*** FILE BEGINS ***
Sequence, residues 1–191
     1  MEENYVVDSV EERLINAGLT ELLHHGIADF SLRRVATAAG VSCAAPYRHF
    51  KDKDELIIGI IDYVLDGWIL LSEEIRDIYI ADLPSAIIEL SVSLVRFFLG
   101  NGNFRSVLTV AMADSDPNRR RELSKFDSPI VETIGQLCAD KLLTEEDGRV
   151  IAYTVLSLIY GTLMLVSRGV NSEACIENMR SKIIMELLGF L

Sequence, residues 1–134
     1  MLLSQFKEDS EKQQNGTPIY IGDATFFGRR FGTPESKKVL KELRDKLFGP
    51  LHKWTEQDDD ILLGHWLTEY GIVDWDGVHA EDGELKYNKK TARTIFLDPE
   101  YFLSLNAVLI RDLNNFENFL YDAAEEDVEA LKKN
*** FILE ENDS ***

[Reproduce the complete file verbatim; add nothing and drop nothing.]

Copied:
Sequence, residues 1–191
     1  MEENYVVDSV EERLINAGLT ELLHHGIADF SLRRVATAAG VSCAAPYRHF
    51  KDKDELIIGI IDYVLDGWIL LSEEIRDIYI ADLPSAIIEL SVSLVRFFLG
   101  NGNFRSVLTV AMADSDPNRR RELSKFDSPI VETIGQLCAD KLLTEEDGRV
   151  IAYTVLSLIY GTLMLVSRGV NSEACIENMR SKIIMELLGF L

Sequence, residues 1–134
     1  MLLSQFKEDS EKQQNGTPIY IGDATFFGRR FGTPESKKVL KELRDKLFGP
    51  LHKWTEQDDD ILLGHWLTEY GIVDWDGVHA EDGELKYNKK TARTIFLDPE
   101  YFLSLNAVLI RDLNNFENFL YDAAEEDVEA LKKN